The world’s most oil-dependent nations…
OPEC’s announcement to extend the…
South Sudan’s transitional government has announced it will resume oil production by July after a halt of more than two years during a bloody civil war for control of the newly independent country’s oil wealth.
Though production will resume by July, pumping at fields will not reach the levels of production they enjoyed at their peak in 2010 for some time.
When South Sudan became independent in 2011, it gained not only sovereignty but control of about three-fourths of Sudan’s oil production, a devastating blow to Sudan’s economy. The IMF estimates that Sudan lost roughly 55 percent of its fiscal revenues and about two-thirds of its foreign exchange earnings. Sudan’s crude oil export revenues were dramatically slashed from a near $11 billion in 2010 to less than $2 billion in 2012.
Related: Shell’s Job Losses Now Equal Facebook’s Entire Payroll
The year it became independent from Sudan, South Sudan was producing nearly 350,000 bbl/d. Due a dispute over transit prices through Sudan—the South’s only export outlet—production dropped to a negligent level in 2012.
In 2013 and 2014, production resumed but only reached 120,000 to 150,000 bbl/d. Oil production and sliding crude revenues left the government almost bankrupt. Civil war broke out in 2013 as rival factions vied for control of oilfields and oil revenues.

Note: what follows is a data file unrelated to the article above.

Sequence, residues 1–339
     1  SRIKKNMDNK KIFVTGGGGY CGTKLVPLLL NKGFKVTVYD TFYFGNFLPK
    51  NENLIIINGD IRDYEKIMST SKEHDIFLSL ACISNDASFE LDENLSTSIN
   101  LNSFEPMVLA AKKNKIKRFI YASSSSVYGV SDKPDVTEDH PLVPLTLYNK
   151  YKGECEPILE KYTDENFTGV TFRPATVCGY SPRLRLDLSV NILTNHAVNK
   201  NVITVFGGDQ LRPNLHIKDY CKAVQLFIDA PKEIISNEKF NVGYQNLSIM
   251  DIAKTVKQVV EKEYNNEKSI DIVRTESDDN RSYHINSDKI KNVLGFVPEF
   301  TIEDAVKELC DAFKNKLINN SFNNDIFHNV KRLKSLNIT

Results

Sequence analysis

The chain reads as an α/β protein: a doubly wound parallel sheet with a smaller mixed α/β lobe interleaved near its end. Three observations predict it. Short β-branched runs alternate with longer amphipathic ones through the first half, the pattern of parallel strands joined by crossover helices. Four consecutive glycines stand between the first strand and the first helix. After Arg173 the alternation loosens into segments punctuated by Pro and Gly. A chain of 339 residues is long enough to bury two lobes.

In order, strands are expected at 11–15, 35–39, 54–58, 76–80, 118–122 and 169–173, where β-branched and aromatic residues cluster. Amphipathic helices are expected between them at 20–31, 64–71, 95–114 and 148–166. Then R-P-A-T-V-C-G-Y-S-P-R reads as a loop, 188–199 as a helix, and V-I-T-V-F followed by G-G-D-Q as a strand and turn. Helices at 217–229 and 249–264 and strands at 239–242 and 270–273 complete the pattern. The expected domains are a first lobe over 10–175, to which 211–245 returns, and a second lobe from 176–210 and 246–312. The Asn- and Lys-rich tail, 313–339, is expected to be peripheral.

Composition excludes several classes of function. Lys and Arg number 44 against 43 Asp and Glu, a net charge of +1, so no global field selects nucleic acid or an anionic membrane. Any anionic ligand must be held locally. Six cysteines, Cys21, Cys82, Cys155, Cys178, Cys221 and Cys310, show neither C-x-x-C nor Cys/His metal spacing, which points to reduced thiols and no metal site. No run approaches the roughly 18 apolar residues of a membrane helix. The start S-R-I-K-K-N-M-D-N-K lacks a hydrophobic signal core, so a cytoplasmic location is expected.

South Sudan’s oil production, which the nation depended on for 98 percent of its budget, reduced significantly due the 2013 civil war, causing almost all the oilfields in Unity state to shut down as well as some others in Upper Nile state. The production capacity fell to below 130,000 barrels a day from 350,000 bpd in its only functioning Paloch oil field of Upper Nile state.
Related: The Consequences Of $50 Oil
South Sudan’s landlocked geography forces it to remain dependent on Sudan to transport its oil through Sudan’s pipelines to the Marsa Bashayer port along the Red Sea So while South Sudan is now an independent nation, that independence goes only so far as oil exports will allow.
Sudan previously charged South Sudan about $24.50 a barrel in transit fees. In February, the two countries agreed that transit fees would be based on prevailing crude oil prices
By James Burgess of Oilprice.com
More Top Reads From Oilprice.com:
James Burgess studied Business Management at the University of Nottingham. He has worked in property development, chartered surveying, marketing, law, and accounts. He has also…